If you’ve been watching this season of Shameless (and if you haven’t, what’s wrong with you?), then you know that one of the major storylines revolves around Lip and his journey getting sober.
Last season, he finally admitted to having a problem managing his alcohol and went to rehab on his professor’s dime. Since then. he’s gone to AA, got a sponsor, and started the 12 steps.
Lip’s sponsor has had a huge impact on him already: he’s helped Lip get a new job, gives him advice on self-care, and has helped him replace his addiction with a new one: running. As for the sponsor himself, he’s traded in booze for sugar.
This is a relatively common practice for addicts in the real world — just a simple google search comes up with many message boards with those in recovery chatting about how they traded in one obsession for another. But it begs the question — is this actually healthy? Short answer: it depends.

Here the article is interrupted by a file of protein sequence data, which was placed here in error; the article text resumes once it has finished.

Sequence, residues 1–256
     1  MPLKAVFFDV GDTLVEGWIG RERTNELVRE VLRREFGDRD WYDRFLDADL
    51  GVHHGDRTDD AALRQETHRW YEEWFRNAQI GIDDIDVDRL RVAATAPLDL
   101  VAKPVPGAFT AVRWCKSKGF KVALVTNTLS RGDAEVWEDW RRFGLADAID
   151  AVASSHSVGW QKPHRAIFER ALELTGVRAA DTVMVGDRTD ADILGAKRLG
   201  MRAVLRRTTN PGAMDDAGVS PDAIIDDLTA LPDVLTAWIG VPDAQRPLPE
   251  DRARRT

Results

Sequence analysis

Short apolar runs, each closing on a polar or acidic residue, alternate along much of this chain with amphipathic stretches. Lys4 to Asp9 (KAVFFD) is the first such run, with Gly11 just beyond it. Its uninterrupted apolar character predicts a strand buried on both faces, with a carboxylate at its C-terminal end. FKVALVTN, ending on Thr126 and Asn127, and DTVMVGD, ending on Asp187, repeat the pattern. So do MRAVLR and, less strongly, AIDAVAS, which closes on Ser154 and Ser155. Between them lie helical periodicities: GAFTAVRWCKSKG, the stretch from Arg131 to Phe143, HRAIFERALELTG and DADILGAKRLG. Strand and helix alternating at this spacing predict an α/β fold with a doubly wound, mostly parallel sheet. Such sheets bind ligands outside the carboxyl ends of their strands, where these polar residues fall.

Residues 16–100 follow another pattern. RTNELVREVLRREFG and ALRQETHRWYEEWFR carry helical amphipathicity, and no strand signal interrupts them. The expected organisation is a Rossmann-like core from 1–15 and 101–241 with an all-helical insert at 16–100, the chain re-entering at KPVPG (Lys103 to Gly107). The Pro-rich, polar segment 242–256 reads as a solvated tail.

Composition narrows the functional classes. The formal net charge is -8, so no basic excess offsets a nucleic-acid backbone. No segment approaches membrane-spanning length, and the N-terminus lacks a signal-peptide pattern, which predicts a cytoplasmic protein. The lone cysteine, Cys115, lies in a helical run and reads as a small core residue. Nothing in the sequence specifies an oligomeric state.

Dr. Lance Dodes told The Fix,
“It’s been well known for a very long time that A.A. meetings used to be filled with smoke because people shifted their focus from drinking to cigarettes. Alcoholism isn’t about alcohol any more than compulsive gambling is about playing roulette—or winning money. Addiction is a solution to an emotional need. If you deprive someone of one solution to their emotional problems, it’s not surprising that they’ll find another one instead.”
In short: replacing drinking with gambling or shopping or sex, is not going to solve all your problems forever (to quote Mindy Lahiri).
But trading in an addiction for a healthy habit may be ok. (Emphasis on the “may”).
Psychology Professor Mark Smith has long been an advocate for replacing addiction with physical exercise, much like Lip is doing. There isn’t much research to back this up, however, and many others in the field worry this is still unhealthy, to which Smith says,
“One of those addictions leads to basically a devastation throughout all aspects of your life and probably premature death. The other addiction leads to improved cardiovascular health, better self-esteem, better self-efficacy and maybe some joint problems when you get older. It’s an apples-and-chain saws comparison.”
Although exercise is certainly a much better alternative to drinking or gambling, at the end of the day, it’s still not treating the underlying emotional issues, Dr. Dodes said. Instead, he suggests a comprehensive treatment plan that goes beyond the 12 steps to include therapy, medication, and nutrition and exercise.